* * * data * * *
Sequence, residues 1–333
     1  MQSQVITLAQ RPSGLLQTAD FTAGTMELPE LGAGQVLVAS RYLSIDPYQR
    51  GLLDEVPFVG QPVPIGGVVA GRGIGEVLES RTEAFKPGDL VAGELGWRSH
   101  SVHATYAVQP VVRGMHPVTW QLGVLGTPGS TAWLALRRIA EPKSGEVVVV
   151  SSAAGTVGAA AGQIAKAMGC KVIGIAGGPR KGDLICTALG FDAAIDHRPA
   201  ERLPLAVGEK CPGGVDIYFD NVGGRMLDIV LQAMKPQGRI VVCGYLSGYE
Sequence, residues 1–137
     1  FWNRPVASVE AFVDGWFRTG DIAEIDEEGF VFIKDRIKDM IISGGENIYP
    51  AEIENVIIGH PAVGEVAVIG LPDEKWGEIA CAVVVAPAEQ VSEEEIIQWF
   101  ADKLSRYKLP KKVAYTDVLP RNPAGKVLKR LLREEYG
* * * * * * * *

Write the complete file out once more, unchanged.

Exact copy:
Sequence, residues 1–333
     1  MQSQVITLAQ RPSGLLQTAD FTAGTMELPE LGAGQVLVAS RYLSIDPYQR
    51  GLLDEVPFVG QPVPIGGVVA GRGIGEVLES RTEAFKPGDL VAGELGWRSH
   101  SVHATYAVQP VVRGMHPVTW QLGVLGTPGS TAWLALRRIA EPKSGEVVVV
   151  SSAAGTVGAA AGQIAKAMGC KVIGIAGGPR KGDLICTALG FDAAIDHRPA
   201  ERLPLAVGEK CPGGVDIYFD NVGGRMLDIV LQAMKPQGRI VVCGYLSGYE
Sequence, residues 1–137
     1  FWNRPVASVE AFVDGWFRTG DIAEIDEEGF VFIKDRIKDM IISGGENIYP
    51  AEIENVIIGH PAVGEVAVIG LPDEKWGEIA CAVVVAPAEQ VSEEEIIQWF
   101  ADKLSRYKLP KKVAYTDVLP RNPAGKVLKR LLREEYG